A denture is a removable replacement for missing teeth and adjacent
tissues. It is made of acrylic resin, sometimes in combination with various
Types of dentures
Complete dentures replace all the teeth, while a partial denture fills in
the spaces created by missing teeth and prevents other teeth from changing
Candidates for complete dentures have lost most or all of their teeth. A
partial denture is suitable for those who have some natural teeth remaining.
A denture improves chewing ability and speech, and provides support for
facial muscles. It will greatly enhance the facial appearance and smile.
Complete or full dentures are made when all of your natural teeth are
missing. You can have a full denture on your upper or lower jaw, or both.
Complete dentures are called "conventional" or "immediate" according to when
they are made and when they are inserted into the mouth. Immediate dentures
are inserted immediately after the removal of the remaining teeth. To make
this possible, the dentist takes measurements and makes the models of the
patient`s jaws during a preliminary visit.
An advantage of immediate dentures is that the wearer does not have to be
without teeth during the healing period. However, bones and gums can shrink
over time, especially during the period of healing in the first six months
after the removal of teeth. When gums shrink, immediate dentures may require
rebasing or relining to fit properly. A conventional denture can then be
made once the tissues have healed. Healing may take at least 6-8 weeks.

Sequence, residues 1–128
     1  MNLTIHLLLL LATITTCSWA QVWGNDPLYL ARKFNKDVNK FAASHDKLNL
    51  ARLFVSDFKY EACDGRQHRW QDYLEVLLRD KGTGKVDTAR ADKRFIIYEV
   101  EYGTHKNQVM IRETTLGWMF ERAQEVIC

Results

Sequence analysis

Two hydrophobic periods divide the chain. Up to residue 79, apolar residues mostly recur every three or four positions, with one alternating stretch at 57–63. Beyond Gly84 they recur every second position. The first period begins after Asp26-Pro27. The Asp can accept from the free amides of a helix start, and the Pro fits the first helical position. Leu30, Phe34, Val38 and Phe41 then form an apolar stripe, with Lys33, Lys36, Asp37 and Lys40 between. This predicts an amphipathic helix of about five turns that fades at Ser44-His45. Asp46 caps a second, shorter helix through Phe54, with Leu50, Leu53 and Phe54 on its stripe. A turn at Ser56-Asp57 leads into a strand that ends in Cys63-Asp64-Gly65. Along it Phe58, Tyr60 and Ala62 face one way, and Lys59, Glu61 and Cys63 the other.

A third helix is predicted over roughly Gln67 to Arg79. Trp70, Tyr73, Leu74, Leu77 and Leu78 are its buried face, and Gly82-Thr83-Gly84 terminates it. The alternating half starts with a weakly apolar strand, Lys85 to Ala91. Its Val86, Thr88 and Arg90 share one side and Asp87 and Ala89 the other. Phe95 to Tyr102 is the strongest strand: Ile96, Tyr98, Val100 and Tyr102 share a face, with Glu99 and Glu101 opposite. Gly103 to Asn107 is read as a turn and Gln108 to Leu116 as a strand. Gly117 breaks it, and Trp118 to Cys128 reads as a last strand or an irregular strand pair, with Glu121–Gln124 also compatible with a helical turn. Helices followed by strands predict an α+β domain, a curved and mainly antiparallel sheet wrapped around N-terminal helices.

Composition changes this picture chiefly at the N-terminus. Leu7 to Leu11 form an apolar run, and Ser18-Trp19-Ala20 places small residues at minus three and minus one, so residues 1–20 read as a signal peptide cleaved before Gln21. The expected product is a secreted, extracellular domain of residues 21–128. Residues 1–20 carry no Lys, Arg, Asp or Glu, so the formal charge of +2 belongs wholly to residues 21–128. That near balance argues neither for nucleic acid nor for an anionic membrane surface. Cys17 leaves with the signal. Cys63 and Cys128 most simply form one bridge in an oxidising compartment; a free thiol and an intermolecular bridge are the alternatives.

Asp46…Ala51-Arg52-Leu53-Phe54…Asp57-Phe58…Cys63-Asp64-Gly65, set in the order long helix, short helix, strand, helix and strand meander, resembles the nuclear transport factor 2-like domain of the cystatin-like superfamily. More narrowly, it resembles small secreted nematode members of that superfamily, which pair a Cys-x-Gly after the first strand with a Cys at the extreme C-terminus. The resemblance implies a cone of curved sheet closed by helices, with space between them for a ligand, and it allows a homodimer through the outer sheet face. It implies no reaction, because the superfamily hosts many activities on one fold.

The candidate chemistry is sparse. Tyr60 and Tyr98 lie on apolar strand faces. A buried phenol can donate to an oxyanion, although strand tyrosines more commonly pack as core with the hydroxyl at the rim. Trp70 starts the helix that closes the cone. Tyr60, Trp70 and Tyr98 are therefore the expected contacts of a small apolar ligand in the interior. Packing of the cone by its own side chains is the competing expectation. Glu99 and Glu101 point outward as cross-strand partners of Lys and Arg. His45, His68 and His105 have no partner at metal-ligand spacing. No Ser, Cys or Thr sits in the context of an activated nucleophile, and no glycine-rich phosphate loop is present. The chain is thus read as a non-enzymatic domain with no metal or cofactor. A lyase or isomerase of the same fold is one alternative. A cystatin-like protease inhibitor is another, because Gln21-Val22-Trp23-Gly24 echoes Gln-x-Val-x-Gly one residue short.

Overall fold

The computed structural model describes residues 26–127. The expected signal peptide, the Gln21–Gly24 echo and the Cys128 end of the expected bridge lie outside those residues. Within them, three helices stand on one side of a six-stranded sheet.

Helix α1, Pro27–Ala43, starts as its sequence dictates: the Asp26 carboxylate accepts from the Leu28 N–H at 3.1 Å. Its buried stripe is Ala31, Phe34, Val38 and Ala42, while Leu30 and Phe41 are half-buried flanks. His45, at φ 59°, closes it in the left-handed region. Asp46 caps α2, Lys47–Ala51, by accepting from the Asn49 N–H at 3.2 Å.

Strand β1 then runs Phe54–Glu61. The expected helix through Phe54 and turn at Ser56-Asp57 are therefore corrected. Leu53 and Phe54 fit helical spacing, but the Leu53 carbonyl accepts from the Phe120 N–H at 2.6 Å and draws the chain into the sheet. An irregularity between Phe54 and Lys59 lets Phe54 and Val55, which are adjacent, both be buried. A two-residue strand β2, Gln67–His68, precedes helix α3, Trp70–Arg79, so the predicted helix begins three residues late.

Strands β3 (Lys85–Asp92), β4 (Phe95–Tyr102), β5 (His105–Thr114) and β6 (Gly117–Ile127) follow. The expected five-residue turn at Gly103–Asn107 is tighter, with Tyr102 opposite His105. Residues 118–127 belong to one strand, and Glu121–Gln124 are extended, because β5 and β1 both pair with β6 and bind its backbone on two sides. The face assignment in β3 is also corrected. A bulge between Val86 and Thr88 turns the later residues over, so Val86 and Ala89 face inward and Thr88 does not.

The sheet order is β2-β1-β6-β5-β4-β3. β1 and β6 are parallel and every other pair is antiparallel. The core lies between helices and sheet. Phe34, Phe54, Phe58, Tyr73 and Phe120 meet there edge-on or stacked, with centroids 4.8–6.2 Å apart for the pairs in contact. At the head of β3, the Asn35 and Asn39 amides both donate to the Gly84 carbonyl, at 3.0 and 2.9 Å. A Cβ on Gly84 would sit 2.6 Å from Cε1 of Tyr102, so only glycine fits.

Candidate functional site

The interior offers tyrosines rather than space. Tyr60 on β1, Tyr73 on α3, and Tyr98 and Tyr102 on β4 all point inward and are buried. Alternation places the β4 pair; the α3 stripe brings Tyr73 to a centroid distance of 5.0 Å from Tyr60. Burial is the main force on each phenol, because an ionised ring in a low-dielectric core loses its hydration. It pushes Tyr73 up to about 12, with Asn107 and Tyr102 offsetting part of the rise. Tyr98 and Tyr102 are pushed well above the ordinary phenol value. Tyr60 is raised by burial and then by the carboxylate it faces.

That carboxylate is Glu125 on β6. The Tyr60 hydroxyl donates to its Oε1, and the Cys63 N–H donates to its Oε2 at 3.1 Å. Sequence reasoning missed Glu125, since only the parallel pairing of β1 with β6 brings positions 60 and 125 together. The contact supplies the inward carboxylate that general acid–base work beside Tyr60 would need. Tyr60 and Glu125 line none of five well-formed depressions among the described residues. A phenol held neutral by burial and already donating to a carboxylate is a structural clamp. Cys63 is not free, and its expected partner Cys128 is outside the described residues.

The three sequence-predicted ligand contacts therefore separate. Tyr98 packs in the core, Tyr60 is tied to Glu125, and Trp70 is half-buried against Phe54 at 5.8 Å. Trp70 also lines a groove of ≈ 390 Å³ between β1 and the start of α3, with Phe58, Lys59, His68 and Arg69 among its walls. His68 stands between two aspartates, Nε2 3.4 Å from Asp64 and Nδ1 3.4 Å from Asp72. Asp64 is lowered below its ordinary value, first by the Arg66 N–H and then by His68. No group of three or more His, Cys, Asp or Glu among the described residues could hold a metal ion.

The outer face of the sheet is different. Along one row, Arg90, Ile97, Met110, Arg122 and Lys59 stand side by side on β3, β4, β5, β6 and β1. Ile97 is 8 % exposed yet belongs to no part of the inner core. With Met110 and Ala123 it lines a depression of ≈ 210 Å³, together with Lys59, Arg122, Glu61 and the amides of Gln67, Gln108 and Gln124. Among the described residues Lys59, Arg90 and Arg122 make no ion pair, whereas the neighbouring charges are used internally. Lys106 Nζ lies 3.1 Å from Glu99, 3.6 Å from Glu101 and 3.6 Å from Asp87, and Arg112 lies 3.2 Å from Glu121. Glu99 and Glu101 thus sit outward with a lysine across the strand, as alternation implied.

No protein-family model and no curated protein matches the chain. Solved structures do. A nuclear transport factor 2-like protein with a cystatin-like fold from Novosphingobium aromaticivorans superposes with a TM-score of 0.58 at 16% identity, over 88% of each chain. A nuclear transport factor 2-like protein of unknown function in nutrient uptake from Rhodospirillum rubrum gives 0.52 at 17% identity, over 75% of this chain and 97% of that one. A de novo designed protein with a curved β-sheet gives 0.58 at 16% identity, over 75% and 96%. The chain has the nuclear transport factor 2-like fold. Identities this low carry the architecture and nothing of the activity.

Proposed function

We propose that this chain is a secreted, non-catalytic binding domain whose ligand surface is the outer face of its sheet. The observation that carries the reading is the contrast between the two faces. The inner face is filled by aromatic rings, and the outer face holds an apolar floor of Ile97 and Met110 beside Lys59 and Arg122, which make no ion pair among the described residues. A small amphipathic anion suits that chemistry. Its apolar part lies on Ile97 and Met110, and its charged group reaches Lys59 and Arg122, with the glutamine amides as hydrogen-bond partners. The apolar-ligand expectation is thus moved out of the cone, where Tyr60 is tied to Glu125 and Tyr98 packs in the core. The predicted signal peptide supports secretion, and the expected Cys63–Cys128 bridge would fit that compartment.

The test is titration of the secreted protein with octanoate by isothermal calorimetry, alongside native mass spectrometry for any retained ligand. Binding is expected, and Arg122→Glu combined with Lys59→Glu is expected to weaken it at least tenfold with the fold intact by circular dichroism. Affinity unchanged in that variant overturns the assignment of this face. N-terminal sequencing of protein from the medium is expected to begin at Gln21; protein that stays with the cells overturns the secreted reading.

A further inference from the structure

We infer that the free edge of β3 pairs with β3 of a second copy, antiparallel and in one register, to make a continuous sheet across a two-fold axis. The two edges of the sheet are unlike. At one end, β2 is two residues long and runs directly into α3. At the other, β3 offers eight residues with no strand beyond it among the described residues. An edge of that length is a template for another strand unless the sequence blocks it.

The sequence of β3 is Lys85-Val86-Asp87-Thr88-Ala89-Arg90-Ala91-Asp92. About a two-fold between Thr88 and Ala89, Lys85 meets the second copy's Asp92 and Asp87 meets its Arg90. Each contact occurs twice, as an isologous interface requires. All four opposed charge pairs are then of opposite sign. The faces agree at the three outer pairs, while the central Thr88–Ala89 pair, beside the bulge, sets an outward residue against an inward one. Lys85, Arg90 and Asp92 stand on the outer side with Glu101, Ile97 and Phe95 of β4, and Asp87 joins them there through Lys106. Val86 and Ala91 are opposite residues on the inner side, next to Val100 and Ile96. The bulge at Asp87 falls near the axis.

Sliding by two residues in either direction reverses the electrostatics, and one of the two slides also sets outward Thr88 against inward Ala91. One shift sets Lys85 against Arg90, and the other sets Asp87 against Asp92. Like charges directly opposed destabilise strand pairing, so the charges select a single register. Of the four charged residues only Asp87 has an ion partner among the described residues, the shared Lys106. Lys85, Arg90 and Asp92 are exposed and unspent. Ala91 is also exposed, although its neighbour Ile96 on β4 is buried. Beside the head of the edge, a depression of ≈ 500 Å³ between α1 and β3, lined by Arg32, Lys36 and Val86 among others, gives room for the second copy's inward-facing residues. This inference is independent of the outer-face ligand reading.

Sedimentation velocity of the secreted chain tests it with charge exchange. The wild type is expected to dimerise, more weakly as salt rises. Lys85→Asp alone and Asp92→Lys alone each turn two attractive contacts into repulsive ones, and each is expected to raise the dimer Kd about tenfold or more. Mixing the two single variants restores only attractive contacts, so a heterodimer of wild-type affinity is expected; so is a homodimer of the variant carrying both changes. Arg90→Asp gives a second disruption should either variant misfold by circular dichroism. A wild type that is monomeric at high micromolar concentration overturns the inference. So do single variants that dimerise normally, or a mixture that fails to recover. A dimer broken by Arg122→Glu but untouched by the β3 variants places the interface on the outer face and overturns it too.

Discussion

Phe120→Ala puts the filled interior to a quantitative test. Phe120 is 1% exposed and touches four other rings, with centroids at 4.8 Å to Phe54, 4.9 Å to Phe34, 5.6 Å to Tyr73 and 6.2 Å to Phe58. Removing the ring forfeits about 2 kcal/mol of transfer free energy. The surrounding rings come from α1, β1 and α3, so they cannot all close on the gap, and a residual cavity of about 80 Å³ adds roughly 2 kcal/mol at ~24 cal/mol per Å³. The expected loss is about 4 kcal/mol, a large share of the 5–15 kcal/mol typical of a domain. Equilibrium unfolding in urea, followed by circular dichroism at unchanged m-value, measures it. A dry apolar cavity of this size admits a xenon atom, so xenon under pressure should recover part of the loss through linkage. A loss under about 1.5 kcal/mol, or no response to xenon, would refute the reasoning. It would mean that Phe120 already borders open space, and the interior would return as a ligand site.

An overdenture is a removable denture that fits over a small number of
remaining natural teeth or implants. The natural teeth must be prepared to
provide stability and support for the denture.
Partial dentures are often a solution when several teeth are missing.
Removable partial dentures usually consist of replacement teeth attached to
pink or gum-colored plastic bases, which are connected by metal framework.
Removable partial dentures attach to your natural teeth with metal clasps or
devices called precision attachments. Precision attachments are generally
more esthetic than metal clasps and are nearly invisible. Crowns on your
natural teeth may improve the fit of a removable partial denture and they
are usually required with attachments. Dentures with precision attachments
generally cost more than those with metal clasps.
How are dentures made?
The denture process takes about one month and five appointments: the initial
diagnosis is made; an impression and a wax bite are made to determine
vertical dimensions and proper jaw position; a "try-in" is placed to assure
proper color, shape and fit; and the patient`s final denture is placed,
following any minor adjustments.
First, an impression of your jaw is made using special materials. In
addition, measurements are made to show how your jaws relate to one another